'Fine. Gittin' stronger alla' time.'
'Good. Anything I can help you with?'
'No, Sir. Jus' admirin' them peas.'
'Would you like to take some home?' asked Mr. Miller.
'No, Sir. Got nuthin' to pay for 'em with.'
'Well, what have you to trade me for some of those peas?'
'All I got's my prize marble here.'
'Is that right? Let me see it' said Miller..
'Here 'tis. She's a dandy.'
'I can see that. Hmmmmm, only thing is this one is blue and I sort of go for red. Do you have a red one like this at home?' the store owner asked.
'Not zackly but almost..'
'Tell you what. Take this sack of peas home with you and next trip this way let me look at that red marble,' Mr. Miller told the boy.
'Sure will. Thanks, Mr. Miller.'
Mrs. Miller, who had been standing nearby, came over to help me. With a smile, she said 0'There are two other boys like him in our community, all three are in very poor circumstances. Jim just loves to bargain with them for peas, apples, tomatoes, or whatever. When they come back with their red marbles, and they always do, he decides he doesn't like red after all and he sends them home with a bag of produce for a green marble or an orange one, when they come on their next trip to the store.'
I left the store smiling to myself, impressed with this man. A short time later I moved to Colorado, but I never forgot the story of this man, the boys, and their bartering for marbles.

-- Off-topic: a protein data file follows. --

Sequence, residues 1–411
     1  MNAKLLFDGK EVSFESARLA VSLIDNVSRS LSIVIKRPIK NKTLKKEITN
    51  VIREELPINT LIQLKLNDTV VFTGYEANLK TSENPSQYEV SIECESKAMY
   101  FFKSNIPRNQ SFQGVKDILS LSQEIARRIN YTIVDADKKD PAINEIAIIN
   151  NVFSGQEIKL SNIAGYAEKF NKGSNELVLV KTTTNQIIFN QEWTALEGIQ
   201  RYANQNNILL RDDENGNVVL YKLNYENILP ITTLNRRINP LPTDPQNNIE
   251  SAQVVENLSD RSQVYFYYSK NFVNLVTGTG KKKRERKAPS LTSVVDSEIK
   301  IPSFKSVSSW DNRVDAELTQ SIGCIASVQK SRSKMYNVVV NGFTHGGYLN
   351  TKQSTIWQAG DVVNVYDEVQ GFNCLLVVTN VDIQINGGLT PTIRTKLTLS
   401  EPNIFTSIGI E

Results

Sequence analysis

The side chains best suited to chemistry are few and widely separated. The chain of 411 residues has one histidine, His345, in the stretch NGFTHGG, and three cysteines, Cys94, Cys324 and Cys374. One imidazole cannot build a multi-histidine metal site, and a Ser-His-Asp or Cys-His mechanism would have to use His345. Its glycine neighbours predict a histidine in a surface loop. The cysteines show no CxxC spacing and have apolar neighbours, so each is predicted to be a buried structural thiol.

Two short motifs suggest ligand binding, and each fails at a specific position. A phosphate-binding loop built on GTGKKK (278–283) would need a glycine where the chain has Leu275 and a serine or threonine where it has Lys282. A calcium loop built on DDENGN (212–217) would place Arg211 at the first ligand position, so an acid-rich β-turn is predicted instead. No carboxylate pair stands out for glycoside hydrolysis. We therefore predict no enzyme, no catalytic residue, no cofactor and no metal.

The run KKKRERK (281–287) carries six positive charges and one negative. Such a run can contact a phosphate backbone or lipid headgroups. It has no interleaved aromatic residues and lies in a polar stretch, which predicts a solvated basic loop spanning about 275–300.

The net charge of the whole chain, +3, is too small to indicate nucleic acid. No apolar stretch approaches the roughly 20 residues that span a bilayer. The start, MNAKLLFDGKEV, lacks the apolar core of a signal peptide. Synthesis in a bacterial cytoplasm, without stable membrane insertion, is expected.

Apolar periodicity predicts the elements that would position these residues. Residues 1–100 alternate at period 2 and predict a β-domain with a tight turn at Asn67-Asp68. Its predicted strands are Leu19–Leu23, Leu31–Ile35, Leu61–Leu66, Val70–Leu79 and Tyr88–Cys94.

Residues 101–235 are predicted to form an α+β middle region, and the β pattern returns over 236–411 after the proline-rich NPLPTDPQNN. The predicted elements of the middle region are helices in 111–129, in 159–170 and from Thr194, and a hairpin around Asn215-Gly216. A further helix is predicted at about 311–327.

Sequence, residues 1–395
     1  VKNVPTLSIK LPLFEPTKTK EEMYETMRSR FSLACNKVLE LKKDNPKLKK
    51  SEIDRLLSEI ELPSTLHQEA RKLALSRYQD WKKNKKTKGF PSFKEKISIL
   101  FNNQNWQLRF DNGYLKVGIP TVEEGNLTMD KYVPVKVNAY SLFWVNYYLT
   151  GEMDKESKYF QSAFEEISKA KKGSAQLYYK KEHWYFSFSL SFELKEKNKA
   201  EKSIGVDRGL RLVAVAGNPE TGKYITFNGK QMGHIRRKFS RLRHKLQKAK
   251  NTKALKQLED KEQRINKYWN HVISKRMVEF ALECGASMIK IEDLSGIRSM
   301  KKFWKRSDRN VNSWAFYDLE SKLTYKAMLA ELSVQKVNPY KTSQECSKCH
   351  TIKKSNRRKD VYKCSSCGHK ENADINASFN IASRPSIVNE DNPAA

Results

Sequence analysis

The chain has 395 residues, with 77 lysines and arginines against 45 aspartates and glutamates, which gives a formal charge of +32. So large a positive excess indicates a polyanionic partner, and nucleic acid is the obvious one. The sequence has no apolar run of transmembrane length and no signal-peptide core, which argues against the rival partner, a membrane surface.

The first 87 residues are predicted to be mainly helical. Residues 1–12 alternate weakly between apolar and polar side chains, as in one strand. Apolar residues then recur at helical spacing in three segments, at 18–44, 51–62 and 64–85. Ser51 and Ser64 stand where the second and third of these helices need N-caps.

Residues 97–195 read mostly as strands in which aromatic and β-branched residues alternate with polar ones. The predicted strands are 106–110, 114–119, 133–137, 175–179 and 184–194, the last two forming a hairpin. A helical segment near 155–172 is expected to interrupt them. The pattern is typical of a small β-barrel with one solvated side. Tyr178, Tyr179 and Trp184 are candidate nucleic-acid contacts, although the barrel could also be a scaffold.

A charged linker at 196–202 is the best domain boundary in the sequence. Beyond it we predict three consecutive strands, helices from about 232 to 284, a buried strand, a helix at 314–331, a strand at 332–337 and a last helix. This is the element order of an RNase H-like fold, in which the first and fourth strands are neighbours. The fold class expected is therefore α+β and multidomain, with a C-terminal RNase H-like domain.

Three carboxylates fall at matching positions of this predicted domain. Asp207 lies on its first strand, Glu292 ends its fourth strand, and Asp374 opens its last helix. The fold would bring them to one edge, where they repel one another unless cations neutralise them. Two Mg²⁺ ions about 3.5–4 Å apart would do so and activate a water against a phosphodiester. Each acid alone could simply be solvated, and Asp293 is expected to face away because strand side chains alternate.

Several years went by, each more rapid than the previous one. Just recently, I had occasion to visit some old friends in that Idaho community, and while I was there, learned that Mr. Miller had died.
They were having his visitation that evening, and knowing my friends wanted to go, I agreed to accompany them. Upon arrival at the mortuary, we fell into line to meet the relatives of the deceased and to offer whatever words of comfort we could.
Ahead of us in line were three young men. One was in an army uniform and the other two wore nice haircuts, dark suits and white shirts...all very professional looking. They approached Mrs. Miller, standing composed and smiling by her husband's casket. Each of the young men hugged her, kissed her on the cheek, spoke briefly with her, and moved on to the casket.
Her misty light blue eyes followed them as, one by one; each young man stopped briefly and placed his own warm hand over the cold pale hand in the casket. Each left the mortuary awkwardly, wiping his eyes.
Our turn came to meet Mrs. Miller. I told her who I was and reminded her of the story from those many years ago and what she had told me about her husband's bartering for marbles. With her eyes glistening, she took my hand and led me to the casket.
'Those three young men who just left were the boys I told you about. They just told me how they appreciated the things Jim 'traded' them. Now, at last, when Jim could not change his mind about color or size...they came to pay their debt.'
'We've never had a great deal of the wealth of this world,' she confided, 'but right now, Jim would consider himself the richest man in Idaho.'
With loving gentleness, she lifted the lifeless fingers of her deceased husband. Resting underneath, were three exquisitely shined red marbles.
We will not be remembered by our words, but by our kind deeds.
IT'S NOT WHAT YOU GATHER, BUT WHAT YOU SCATTER
THAT TELLS WHAT KIND OF LIFE YOU HAVE LIVED.